ECONOMY

Putin seeks gas deals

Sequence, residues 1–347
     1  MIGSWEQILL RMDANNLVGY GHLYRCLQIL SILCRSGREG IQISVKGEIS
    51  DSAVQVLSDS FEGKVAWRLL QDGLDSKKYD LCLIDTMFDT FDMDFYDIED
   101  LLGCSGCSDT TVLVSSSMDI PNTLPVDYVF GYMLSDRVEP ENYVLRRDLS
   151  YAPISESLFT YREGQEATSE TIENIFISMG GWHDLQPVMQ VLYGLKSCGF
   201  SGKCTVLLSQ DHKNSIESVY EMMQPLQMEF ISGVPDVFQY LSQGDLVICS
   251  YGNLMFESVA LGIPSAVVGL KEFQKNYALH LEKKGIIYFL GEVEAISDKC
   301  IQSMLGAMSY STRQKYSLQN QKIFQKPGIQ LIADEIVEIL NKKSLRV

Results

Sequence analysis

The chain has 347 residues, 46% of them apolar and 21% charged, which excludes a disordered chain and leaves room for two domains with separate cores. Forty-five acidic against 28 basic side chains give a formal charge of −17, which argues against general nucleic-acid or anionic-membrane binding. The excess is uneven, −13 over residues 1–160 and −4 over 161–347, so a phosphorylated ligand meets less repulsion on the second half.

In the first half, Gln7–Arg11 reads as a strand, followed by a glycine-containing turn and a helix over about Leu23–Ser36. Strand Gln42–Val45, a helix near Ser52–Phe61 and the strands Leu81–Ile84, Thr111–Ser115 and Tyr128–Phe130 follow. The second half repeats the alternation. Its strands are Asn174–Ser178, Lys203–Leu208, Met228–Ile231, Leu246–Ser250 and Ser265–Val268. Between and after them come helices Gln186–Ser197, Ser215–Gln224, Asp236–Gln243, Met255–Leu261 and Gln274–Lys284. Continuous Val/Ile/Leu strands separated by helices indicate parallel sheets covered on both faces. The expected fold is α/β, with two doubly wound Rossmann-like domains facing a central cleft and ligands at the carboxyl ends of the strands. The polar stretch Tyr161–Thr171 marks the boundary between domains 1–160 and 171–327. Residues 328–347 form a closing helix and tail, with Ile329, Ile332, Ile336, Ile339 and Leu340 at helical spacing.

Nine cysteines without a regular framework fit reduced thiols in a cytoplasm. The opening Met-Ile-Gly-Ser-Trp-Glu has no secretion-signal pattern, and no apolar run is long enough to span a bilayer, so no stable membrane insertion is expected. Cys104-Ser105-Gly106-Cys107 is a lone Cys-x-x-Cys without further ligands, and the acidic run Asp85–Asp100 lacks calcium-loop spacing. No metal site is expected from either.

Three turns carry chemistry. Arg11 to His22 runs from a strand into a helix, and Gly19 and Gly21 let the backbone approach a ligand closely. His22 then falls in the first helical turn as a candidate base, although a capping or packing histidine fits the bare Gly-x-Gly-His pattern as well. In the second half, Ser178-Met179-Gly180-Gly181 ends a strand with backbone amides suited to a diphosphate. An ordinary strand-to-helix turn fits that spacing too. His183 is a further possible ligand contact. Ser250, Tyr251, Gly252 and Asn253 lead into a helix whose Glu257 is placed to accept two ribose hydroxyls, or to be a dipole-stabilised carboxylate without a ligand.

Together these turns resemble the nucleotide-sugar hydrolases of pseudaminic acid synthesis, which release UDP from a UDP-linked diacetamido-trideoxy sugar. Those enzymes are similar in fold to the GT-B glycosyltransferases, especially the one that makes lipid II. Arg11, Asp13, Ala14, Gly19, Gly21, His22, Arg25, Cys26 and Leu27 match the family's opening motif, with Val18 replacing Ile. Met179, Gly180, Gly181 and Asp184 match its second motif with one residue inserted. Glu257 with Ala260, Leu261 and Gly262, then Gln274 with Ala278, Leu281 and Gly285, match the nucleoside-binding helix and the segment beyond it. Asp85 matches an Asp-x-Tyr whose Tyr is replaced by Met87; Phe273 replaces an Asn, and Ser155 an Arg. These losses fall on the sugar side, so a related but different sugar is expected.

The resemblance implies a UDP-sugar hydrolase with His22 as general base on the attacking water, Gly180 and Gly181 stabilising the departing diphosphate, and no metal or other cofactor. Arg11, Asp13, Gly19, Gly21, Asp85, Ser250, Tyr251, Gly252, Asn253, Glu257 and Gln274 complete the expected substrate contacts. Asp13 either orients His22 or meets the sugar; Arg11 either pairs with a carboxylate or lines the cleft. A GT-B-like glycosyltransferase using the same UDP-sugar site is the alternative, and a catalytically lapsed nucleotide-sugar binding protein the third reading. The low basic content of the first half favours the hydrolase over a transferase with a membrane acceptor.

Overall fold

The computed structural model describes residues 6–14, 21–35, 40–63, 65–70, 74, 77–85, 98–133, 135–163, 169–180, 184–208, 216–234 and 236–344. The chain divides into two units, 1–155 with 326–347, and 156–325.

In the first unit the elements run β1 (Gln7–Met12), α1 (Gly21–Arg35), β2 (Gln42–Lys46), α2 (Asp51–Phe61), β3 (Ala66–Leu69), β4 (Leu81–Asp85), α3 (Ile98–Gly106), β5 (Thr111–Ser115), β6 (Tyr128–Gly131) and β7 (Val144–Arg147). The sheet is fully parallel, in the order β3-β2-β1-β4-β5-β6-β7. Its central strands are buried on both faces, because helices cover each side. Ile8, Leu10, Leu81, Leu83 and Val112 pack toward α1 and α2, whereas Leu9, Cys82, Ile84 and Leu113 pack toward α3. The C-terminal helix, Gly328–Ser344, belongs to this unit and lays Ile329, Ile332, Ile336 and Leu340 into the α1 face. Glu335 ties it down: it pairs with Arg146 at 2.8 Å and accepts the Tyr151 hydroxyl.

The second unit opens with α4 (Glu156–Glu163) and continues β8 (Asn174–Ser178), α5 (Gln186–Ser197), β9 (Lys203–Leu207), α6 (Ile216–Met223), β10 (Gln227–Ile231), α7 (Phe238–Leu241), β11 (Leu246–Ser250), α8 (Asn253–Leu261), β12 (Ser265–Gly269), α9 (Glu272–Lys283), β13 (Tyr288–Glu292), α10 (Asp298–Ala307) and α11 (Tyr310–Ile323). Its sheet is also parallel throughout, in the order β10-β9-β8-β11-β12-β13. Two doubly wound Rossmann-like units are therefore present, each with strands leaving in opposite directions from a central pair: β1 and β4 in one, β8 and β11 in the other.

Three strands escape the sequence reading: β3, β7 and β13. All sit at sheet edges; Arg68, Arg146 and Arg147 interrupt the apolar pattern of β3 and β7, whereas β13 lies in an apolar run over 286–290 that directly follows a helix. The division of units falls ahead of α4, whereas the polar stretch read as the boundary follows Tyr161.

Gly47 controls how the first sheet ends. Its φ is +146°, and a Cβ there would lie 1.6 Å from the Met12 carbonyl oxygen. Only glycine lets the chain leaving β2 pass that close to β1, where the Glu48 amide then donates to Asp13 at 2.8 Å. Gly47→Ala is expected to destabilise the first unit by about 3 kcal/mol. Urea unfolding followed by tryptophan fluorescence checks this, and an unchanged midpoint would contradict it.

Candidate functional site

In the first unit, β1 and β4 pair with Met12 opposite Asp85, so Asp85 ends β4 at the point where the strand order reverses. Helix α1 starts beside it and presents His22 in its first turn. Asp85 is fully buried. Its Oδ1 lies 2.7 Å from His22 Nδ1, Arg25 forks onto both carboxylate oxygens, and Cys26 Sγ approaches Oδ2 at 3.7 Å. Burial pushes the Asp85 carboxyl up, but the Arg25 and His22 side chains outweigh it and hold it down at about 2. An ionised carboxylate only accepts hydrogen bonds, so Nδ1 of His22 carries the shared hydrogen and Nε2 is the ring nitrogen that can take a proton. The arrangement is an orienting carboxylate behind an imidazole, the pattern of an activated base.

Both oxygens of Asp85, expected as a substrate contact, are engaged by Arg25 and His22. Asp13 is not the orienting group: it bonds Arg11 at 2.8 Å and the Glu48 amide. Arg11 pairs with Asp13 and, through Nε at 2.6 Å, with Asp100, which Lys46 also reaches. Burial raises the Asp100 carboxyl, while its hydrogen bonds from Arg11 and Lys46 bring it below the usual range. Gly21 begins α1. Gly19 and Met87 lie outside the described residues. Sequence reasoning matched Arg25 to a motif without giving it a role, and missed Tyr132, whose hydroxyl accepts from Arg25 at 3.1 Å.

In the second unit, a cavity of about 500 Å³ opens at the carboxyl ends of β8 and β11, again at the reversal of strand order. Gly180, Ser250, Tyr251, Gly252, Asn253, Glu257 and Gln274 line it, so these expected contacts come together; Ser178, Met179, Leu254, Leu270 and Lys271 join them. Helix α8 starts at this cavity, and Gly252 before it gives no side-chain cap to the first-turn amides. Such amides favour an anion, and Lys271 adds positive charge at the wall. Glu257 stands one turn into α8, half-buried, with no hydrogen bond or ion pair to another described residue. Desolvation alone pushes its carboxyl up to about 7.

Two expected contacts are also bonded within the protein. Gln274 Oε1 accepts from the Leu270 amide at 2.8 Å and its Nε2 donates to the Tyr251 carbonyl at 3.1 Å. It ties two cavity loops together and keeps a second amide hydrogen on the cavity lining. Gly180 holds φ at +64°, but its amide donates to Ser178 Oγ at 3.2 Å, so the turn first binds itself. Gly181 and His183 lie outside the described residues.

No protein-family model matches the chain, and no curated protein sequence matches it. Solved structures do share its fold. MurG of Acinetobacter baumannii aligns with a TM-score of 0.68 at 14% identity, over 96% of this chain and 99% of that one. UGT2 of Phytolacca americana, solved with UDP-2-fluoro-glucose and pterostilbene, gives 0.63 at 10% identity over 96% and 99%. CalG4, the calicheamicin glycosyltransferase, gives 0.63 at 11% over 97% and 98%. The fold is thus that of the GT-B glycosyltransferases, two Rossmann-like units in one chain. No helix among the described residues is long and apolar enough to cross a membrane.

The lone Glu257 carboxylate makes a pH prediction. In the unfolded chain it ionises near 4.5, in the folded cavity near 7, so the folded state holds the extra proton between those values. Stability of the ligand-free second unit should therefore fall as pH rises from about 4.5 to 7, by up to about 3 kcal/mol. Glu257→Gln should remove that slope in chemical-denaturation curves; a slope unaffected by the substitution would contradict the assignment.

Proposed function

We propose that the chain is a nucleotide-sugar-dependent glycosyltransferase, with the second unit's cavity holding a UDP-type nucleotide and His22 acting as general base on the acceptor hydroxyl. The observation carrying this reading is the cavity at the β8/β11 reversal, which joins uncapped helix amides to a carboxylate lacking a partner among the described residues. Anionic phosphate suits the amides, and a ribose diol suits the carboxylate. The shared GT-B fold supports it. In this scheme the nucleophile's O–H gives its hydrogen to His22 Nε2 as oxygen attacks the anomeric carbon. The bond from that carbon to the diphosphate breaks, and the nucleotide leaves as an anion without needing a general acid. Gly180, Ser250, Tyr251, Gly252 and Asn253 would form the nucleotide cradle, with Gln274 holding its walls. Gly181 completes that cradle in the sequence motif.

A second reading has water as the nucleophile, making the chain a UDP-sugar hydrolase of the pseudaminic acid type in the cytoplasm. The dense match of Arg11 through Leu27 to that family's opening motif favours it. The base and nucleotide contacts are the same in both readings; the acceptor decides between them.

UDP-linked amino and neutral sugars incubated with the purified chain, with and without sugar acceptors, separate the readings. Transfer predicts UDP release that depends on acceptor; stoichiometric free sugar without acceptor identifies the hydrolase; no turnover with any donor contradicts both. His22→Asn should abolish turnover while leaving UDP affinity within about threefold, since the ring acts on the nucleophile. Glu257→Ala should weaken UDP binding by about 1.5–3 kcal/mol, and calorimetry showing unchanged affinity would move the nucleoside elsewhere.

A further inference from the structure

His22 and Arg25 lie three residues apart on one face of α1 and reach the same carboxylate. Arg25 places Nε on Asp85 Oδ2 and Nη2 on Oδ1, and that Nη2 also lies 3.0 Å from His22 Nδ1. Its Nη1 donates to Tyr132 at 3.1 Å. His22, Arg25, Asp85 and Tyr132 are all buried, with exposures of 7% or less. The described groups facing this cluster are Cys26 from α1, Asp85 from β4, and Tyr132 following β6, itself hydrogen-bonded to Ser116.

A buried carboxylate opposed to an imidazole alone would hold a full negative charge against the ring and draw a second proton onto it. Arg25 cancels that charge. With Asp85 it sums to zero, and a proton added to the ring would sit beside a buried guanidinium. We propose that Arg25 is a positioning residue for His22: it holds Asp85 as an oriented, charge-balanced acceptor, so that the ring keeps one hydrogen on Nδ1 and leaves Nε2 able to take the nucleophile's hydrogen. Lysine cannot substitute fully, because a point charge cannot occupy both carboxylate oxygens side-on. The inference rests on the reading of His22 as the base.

Energy issues will figure prominently in the talks Russian President Vladimir Putin will have with Prime Minister Costas Simitis and other Greek officials during his visit tomorrow and Friday. Russia is Greece’s chief supplier of natural gas and the two countries are also eager to expand gas and oil trade. Cooperation between Greece and Russia in the energy sector dates to the 1970s, when Russian companies build the Public Power Corporation’s electricity-generating plants. In the late 1980s, the two countries signed the agreement by which Russia became Greece’s first supplier of natural gas. In 1991, Gazexport, a subsidiary of Russian gas giant Gazprom, and the Kopelouzos Group formed a joint venture, Prometheus Gas, which imports the gas by pipeline through Ukraine, Moldova, Romania and Bulgaria. Shortly afterward, talks began about the possibility of transporting Caspian oil via a pipeline from the Bulgarian port of Burgas to the northern Greek port of Alexandroupolis, thereby bypassing the Bosphorus straits. The deregulation of Greece’s energy market, which will also include the natural gas sector, provides an opportunity for the further development of Greek-Russian economic relations. Russia’s two biggest oil companies, Lukoil and Yukos, have also shown an interest in acquiring a 30-percent stake in Hellenic Petroleum. Lukoil has formed a joint venture with Latsis Group company Petrola for the purpose. Simitis and Putin will certainly discuss the issues raised above, especially the prospect of expanding Greek imports of natural gas. Having resolved the issue of pricing, where disagreements threatened to bring the case to international arbitration, a few months ago, the two governments recently discussed the possibility of further imports of Russian natural gas during a recent visit by Russia’s Deputy Prime Minister Valentina Matvienko, a former ambassador to Greece. Greece wants to import an extra 1 billion cubic meters of natural gas annually and wants Russia to undertake to build more pipelines. A difference between the two sides is that Russians want the extra natural gas to be delivered through Prometheus Gas as well, while the Greek government balks at Gazexport’s agreement with Prometheus. It is possible, but as yet unconfirmed, that new Gazprom chief executive A.B. Miller will arrive with Putin. If so, this will augur well for an agreement. The Russian side will also express an interest in participating in municipal gas networks and acquiring a stake in state-controlled Public Gas Corporation (DEPA), which has the monopoly of distribution to the municipal networks.